Welcome. You’re invited to have a virtual drink with my friends. Each week I’ll serve up a brief interview with a Hollywood insider. I’ll talk with writers, directors, producers, studio and network executives, and other industry professionals about how they keep their glasses half-full in a town that can be draining. I chose each because he or she always has an awesome attitude and is just a good person – someone you’d love to have a drink with. You’ll find there are plenty of talented, lovely people working in entertainment. (And to all of my friends, if I haven’t interviewed you yet, I’m coming!)
Today, I’m thrilled to introduce you to a fascinating young writer-director, Elia Petridis.
“I’m constantly enchanted by the paradoxical business we’re in,” Elia said. And I’m constantly enchanted by this talented writer-director. Elia’s first feature, “The Man Who Shook the Hand of Vincente Fernandez” starring Academy-Award winner Ernest Borgnine, premieres this Friday at the Newport Beach Film Festival. After starring in this indie film, Mr. Borgnine must have remained fond of Elia. The legendary actor, who was 94 at the time, officiated Elia’s wedding last summer to Maranatha Hay, a three-time Emmy-winning documentary filmmaker.
I met Elia as the writer of a kick-ass adrenaline thriller called “Amber.” The premise: A man drives down the highway and sees an Amber alert (child endangerment) sign displaying the make and model of his car – and his own license plate number. He hears an ominous pounding from the trunk and opens it to discover a bound and duct-taped teenage girl inside. He has no idea how she got there. Go!
A few months later, Elia showed me a charming music video he’d just directed for Jesca Hoop’s song “City Bird.” He had never used miniatures before – and that was the point.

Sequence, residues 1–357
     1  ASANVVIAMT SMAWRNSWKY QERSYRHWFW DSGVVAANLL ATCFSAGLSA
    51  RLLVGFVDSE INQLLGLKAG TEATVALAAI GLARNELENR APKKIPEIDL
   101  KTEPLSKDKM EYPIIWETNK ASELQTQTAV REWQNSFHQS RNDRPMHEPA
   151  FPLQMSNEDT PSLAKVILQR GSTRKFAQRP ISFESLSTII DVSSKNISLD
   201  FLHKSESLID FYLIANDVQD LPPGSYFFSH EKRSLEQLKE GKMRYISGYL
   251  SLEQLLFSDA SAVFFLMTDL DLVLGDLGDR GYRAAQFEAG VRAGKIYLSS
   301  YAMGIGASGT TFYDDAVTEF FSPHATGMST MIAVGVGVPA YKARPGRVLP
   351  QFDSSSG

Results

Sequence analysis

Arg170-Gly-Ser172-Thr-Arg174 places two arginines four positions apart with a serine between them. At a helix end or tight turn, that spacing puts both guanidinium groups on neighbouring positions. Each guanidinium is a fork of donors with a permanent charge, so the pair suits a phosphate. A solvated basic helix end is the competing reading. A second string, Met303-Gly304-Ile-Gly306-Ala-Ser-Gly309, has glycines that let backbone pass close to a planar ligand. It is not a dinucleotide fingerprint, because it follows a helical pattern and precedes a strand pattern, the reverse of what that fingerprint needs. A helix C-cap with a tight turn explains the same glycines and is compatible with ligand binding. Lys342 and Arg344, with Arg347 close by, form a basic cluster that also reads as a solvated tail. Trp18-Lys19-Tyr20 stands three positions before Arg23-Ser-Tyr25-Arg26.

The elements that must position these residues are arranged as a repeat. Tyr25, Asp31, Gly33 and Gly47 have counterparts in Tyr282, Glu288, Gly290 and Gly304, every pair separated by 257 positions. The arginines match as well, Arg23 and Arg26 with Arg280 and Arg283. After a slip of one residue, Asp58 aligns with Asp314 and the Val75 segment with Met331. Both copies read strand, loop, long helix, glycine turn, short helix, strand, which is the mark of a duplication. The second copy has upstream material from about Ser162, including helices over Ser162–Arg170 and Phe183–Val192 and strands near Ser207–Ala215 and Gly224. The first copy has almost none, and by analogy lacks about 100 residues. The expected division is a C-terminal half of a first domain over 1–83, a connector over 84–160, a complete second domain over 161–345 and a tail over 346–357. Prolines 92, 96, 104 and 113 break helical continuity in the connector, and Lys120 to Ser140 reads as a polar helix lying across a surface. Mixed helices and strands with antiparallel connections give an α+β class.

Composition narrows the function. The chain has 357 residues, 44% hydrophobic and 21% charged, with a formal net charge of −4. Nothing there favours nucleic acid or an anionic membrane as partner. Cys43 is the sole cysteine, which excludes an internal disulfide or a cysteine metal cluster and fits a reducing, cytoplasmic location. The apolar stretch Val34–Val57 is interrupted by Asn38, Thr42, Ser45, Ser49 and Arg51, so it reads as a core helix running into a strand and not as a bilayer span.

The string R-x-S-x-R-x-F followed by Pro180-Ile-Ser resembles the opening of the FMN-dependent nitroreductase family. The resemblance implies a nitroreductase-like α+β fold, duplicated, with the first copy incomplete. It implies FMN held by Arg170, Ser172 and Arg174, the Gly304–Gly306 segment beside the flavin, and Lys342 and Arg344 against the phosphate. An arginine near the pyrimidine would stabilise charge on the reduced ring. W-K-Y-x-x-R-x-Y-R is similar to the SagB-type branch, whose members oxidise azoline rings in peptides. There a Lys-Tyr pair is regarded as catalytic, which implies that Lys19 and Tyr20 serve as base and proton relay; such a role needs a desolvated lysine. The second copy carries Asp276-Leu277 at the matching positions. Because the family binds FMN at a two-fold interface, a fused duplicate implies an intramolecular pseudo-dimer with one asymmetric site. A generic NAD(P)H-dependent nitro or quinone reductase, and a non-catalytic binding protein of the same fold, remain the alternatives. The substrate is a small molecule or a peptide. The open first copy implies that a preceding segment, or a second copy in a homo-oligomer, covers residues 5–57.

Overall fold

“Miniatures scared the crap out of me,” Elia said. “But sometimes you go at something with a beginner’s mind, and sometimes you end up with a good result.”
Elia said he challenges himself to keep trying new and different forms of expression. “Coming at things with no preconceived notions, without any nasty habits, without the feeling ‘I’ve done this a hundred times before,’ keeps me positive. It keeps me inspired.”
Elia took a major leap of faith with “The Man Who Shook the Hand of Vincente Fernandez.” He describes it as a Spaghetti Western set in a retirement home. The film stars Ernest Borgnine as Rex Page, a man who is bitter about never becoming famous, having lived a life without meaning.
“Every time I pitched this project, people’s eyes would light up. And I said, ‘Okay, this is the one. This is my first feature to direct,’” Elia said.
He speaks fondly, breathlessly about the project. “I got great producers,” he said. “We went to hell and back and got Ernie to do it. We got great people to come on board. And we made the film that everybody put their heart and their soul and their marrow into. And we got this great composer, who studied under Morricone. He did this fantastic 60s-esque score. The film was an absolute monument to collaboration.”
If you’ve ever directed a passion project, you know that mounting the production generates its own drama. Obstacles arise. Naysayers pepper you with casually contempt-filled comments. Or worse, people who you thought would have your back don’t respond at all. Like most first-time directors, even the optimistic Elia faced dark moments.